any updates? Iím having the same problem with my 08 2.3L with same engine code. Iíve replaced all solenoids, changed fluid and it will randomly act up. I also had my TCM repaired. Today I removed the input speed sensor in attempt to test sensorís resistance. I got 29.2 from pin 1 and 2 and 7.9 from #1 and #3. I still have to check the wiring harness but not sure exactly how to test the large connector that plugs into the TCM. Any advice?
Posting the 2 PM messages I sent you so others can see my responses and get helped or chime in and add to or correct something I've said:
I assume you changed the solenoid pack in the pan and not the one on the side. Normally the issue with P0753 is the TCM, solenoid or wiring/connector.
If you changed the solenoid and still have an issue, then it is most likely something else. Looking on Mitchell prodemand at work, there are more fixes associated with the TCM than the solenoid. That said, it could be an intermittent electrical circuit issue with the wiring or the 3 related connection points of that circuit. I would verify that they are good. If they are good then it sounds like a TCM issue. I would definitely rule the circuit issue out first as $450 is a big price to throw parts at it.
As for the speed sensors, they wouldn't cause this specific issue. If they were bad then you would have a more broad symptom base as they effect the whole transmission and shouldn't cause a specific solenoid cause.
The only other thing not mentioned in the service manual is the possibility of a hydraulic issue in the valve body solenoid block that is intermittently not allowing proper ATF flow when the solenoid is energized (sticking valve, debris, etc...). Not usually common though. Just throwing it out as a possibility.
You might be able to find some youtube videos that demonstrate how to check the circuits and connectors and may have examples of what to look for.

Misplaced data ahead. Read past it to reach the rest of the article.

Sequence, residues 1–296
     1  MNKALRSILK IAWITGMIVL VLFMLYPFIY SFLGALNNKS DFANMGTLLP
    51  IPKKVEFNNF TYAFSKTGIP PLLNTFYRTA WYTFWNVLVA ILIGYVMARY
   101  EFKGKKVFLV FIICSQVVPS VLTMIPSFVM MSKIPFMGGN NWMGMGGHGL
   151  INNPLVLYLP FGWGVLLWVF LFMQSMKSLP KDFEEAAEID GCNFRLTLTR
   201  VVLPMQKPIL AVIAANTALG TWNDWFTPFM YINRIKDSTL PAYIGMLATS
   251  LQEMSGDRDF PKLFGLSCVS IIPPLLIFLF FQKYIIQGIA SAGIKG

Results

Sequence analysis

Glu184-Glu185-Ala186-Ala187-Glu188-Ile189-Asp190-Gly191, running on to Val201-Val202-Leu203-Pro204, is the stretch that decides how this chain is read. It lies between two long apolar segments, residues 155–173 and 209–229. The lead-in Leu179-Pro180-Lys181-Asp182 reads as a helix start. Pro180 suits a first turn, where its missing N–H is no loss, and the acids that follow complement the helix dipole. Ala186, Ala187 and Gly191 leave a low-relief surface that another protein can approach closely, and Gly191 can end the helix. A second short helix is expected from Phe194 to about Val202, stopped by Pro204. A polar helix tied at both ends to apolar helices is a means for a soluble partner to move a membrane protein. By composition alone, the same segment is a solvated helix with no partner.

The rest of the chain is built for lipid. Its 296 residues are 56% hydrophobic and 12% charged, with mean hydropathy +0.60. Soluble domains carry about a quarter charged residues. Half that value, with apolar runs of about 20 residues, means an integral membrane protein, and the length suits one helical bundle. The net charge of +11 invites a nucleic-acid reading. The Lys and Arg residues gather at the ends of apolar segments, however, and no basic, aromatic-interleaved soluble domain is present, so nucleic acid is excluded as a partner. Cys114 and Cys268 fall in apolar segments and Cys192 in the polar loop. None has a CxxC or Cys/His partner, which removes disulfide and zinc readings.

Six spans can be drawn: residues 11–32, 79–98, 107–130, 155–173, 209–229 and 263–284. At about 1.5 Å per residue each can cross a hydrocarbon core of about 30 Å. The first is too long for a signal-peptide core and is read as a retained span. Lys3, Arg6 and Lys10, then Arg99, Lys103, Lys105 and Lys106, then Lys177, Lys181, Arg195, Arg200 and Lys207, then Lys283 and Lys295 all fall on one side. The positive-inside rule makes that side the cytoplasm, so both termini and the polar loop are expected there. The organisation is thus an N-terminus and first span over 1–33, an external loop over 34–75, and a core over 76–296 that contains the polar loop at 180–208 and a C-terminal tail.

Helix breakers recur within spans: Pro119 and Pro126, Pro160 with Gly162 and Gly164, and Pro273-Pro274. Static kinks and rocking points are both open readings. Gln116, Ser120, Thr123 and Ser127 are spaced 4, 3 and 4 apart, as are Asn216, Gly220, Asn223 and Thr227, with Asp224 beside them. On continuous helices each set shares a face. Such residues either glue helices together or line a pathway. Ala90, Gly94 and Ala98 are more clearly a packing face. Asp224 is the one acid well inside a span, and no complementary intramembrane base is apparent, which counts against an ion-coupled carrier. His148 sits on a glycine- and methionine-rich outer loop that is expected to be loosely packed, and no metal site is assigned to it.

The short of it: Most connector inspections are generally visual. Check for bent or deformed or corroded male and female pins and terminals. Make sure the terminals are tight enough to actually maintain contact on the inserted pins. If not, vibration and moving of harnesses under engine torque can cause loose connections.
To actually check the circuit, you would unplug the connectors at the TCM and transmission and check for continuity to ground and power to see if there is any kind of short to either. To check the circuit itself for resistance, I usually use a brake light bulb connected at one end of the circuit and a ground and apply battery voltage to the other end of the circuit with a jumper to the battery. This will complete the circuit and should light the bulb normally. Any resistance will cause a dim or no light based on the amount of resistance. I do this because a circuit that has no resistance on the meter may still not be able to carry a real world load. This is because a meter sends a vary small voltage through it. Most of the time it is a fair assessment, but I have been burned by it in the past therefore I like to verify with a real bulb. Hope this makes sense.
Also, there is no way to test a TCM or any module directly with the ohm part of the meter as that will fry it. You can check it with a the voltage part:
With the vehicle assembled normally, insert a backprobe into the transmission connector circuit for solenoid A. Have meter on DC volts and connect the positive lead to the probe and the negative lead to ground. Drive the vehicle and you should see 12 volts on the meter when the TCM energizes the solenoid. Driving like this when it acts up will tell you if the ECU is turning on the solenoid like it is supposed to. If it is and the circuit is good, then you should be OK with the TCM and it is probably a hydraulic issue. At this point though, you would want to pull the pan first and verify that it isn't the internal wiring between the trans connector and solenoid plug.
Hope this all makes sense.